Indigenous and non-Indigenous members of the community gathered in orange shirts and regalia, some with drums in hand, to celebrate and honour National Indigenous Peoples Day (NIPD).
The eagle’s nest group from Yellowhead Community Services held a few events for the little ones at Dutch Lake Community Centre on Monday. A couple teepees were put up in the field next to the clamshell and bannock was provided as a little treat.
While NIPD celebrates the way of life and culture of Indigenous people all over Canada, this one would be especially remembered, said elder Rose McArthur, due to the discovery of the 215 children found buried at the former Kamloops residential school, and the hundreds more found at other residential school sites across the country, including her home land of the Dakota Nation.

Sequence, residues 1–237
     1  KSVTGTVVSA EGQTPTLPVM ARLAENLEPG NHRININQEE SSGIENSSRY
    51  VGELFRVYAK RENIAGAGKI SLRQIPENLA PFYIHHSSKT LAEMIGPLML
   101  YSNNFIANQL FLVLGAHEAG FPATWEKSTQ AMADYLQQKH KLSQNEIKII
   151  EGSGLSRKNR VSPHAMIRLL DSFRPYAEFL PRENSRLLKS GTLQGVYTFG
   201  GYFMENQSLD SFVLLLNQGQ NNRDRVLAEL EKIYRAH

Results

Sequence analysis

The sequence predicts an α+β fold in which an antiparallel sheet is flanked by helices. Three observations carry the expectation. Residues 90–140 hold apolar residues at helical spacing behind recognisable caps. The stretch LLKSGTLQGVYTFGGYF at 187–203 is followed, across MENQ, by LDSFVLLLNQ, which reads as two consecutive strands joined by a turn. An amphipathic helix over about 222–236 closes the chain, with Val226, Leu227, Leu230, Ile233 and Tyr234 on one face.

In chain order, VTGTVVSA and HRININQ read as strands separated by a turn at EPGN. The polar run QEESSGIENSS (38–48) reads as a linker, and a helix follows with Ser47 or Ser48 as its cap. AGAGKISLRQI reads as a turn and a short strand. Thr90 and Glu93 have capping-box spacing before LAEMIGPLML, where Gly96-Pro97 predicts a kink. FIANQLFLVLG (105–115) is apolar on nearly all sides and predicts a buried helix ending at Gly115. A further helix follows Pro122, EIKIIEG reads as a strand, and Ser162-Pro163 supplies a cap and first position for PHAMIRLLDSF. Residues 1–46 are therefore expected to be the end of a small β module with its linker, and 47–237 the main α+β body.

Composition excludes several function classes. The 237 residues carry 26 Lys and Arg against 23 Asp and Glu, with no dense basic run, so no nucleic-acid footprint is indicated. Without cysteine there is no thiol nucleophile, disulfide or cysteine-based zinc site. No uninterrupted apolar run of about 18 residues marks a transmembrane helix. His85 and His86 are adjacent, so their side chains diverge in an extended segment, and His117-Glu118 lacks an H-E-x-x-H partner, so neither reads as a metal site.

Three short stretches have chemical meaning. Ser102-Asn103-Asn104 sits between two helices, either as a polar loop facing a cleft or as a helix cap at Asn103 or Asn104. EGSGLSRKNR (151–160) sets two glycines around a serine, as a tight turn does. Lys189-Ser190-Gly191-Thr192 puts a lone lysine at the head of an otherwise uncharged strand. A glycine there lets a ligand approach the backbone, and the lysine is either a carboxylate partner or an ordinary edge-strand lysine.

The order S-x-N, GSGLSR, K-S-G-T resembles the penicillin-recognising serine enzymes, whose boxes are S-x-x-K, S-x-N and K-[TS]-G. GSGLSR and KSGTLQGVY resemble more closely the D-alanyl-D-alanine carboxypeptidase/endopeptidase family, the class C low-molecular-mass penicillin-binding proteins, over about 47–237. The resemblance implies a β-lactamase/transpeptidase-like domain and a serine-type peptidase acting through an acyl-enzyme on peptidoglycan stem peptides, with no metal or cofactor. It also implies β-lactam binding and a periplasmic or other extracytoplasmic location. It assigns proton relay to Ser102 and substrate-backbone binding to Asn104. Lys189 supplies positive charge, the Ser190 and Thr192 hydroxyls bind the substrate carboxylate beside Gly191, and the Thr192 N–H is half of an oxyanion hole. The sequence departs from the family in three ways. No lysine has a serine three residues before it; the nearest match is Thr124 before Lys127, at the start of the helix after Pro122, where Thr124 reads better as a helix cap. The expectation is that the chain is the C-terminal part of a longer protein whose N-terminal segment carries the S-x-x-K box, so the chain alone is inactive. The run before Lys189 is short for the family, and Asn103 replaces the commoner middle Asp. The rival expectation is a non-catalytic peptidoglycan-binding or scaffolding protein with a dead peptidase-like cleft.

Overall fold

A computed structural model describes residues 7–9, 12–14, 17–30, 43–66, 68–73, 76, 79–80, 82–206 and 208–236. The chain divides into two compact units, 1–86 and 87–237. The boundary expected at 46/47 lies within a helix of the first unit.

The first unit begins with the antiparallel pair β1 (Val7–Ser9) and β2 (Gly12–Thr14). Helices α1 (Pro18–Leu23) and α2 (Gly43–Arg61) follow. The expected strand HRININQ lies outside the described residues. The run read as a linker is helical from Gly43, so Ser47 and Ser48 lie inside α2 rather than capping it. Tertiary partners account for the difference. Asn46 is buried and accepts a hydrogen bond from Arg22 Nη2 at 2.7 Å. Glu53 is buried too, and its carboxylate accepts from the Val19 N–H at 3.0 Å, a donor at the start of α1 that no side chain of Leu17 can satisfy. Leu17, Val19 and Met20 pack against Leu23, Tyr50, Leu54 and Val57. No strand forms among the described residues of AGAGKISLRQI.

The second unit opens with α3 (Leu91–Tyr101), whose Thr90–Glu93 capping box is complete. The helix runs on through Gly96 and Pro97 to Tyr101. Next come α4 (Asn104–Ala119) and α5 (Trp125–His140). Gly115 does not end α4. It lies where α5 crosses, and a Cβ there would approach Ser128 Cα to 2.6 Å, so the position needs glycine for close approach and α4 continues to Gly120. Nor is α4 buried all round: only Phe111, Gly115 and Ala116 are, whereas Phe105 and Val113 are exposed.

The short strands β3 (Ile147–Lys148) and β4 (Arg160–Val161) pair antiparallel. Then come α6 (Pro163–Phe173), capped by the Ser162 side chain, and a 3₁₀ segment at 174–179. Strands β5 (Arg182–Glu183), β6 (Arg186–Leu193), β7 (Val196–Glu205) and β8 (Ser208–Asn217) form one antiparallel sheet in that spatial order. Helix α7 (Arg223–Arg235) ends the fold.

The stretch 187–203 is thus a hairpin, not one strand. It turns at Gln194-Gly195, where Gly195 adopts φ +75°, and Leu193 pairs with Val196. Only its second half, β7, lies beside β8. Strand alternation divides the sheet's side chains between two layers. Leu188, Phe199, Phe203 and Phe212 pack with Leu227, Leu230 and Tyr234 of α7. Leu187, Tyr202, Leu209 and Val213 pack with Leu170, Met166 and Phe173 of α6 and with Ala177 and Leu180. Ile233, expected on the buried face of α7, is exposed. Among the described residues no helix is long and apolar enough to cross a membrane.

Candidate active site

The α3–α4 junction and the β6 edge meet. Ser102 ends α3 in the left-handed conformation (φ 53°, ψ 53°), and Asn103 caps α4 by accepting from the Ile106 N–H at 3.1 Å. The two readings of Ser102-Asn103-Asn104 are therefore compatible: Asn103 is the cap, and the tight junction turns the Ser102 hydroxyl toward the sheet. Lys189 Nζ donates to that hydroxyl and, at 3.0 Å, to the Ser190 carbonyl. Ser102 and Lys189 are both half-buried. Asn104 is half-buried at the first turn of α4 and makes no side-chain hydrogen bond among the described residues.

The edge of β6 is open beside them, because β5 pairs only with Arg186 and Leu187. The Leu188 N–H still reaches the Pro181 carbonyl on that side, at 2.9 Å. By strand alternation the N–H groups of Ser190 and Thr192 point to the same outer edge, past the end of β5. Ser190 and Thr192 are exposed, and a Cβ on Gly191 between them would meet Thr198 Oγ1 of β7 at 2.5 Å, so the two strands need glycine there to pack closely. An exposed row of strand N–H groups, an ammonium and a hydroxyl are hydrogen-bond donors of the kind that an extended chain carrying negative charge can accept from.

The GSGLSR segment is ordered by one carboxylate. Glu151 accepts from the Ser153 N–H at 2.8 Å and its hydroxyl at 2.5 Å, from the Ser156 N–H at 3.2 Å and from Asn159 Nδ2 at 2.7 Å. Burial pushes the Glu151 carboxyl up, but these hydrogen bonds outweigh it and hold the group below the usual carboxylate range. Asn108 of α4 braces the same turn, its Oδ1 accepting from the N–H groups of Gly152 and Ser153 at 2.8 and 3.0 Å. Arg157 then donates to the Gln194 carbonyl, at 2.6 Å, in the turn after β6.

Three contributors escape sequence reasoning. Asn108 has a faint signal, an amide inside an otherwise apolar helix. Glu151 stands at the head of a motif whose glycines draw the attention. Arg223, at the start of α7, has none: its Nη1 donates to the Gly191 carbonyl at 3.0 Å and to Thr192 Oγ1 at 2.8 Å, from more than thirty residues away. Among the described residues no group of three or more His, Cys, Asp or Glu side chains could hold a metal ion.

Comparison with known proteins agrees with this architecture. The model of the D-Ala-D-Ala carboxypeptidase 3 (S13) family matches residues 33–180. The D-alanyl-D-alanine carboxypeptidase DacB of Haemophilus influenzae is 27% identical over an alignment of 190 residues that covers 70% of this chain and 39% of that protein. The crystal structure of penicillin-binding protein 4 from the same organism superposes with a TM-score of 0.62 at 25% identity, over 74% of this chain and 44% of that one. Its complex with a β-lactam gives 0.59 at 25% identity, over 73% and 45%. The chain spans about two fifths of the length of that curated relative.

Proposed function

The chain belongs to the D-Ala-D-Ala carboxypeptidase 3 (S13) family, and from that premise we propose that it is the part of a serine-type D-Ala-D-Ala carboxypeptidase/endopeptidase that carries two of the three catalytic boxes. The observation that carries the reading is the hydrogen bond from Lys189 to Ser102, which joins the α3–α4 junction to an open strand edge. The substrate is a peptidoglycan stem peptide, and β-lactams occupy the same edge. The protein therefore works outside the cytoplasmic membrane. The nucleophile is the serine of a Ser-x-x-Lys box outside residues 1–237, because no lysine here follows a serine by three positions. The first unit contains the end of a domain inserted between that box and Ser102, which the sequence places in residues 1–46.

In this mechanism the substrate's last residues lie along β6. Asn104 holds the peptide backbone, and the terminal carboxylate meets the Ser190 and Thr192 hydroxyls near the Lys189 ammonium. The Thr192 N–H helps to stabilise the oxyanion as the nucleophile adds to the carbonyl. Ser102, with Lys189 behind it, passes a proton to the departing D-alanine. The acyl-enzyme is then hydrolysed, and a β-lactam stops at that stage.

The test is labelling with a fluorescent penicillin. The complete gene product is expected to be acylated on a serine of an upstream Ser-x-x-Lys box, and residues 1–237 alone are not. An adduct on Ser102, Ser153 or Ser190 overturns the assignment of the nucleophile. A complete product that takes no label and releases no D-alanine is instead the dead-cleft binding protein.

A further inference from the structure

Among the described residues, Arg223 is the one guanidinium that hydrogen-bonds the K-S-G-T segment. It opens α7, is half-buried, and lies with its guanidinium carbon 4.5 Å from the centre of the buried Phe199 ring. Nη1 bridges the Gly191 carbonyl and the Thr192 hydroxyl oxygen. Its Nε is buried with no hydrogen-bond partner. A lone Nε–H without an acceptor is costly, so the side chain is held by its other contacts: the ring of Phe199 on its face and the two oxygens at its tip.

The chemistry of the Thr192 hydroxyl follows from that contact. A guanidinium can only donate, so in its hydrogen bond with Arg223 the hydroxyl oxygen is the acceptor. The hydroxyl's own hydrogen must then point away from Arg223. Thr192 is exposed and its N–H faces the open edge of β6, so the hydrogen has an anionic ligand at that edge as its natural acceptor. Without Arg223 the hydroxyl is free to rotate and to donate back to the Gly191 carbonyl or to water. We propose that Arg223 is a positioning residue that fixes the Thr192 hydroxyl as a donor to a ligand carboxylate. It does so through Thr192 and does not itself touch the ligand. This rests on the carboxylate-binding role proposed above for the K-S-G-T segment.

McArthur led the group through a women’s traditional dance after telling her experience of residential schools and the meaning of the various colours, designs and beading on her regalia.
Afterwards, the group gathered in a circle and danced to a Sage Hills powwow song, followed by singing and drumming the women’s warrior song.
The events at the DLCC were also for the eagle’s nest children as a ceremony was held to celebrate their journey into Kindergarten next year.
Later in the day, a drum ceremony was held at Clearwater Secondary School at the tennis courts where 215 orange ribbons, and almost as many teddy bears, have been tied to the fence in honour of the 215 children found at the former residential school in Kamloops.
Local Indigenous leaders and elders spoke to the few dozen in the crowd about their experiences, about the atrocities that have been brought to light in recent weeks and to honour those children, both through song and silence.
At 7:00 p.m., Indigenous community members performed the women’s warrior song for 215 seconds, which was immediately followed by 215 seconds of silence — one second for every child lost on the residential school grounds.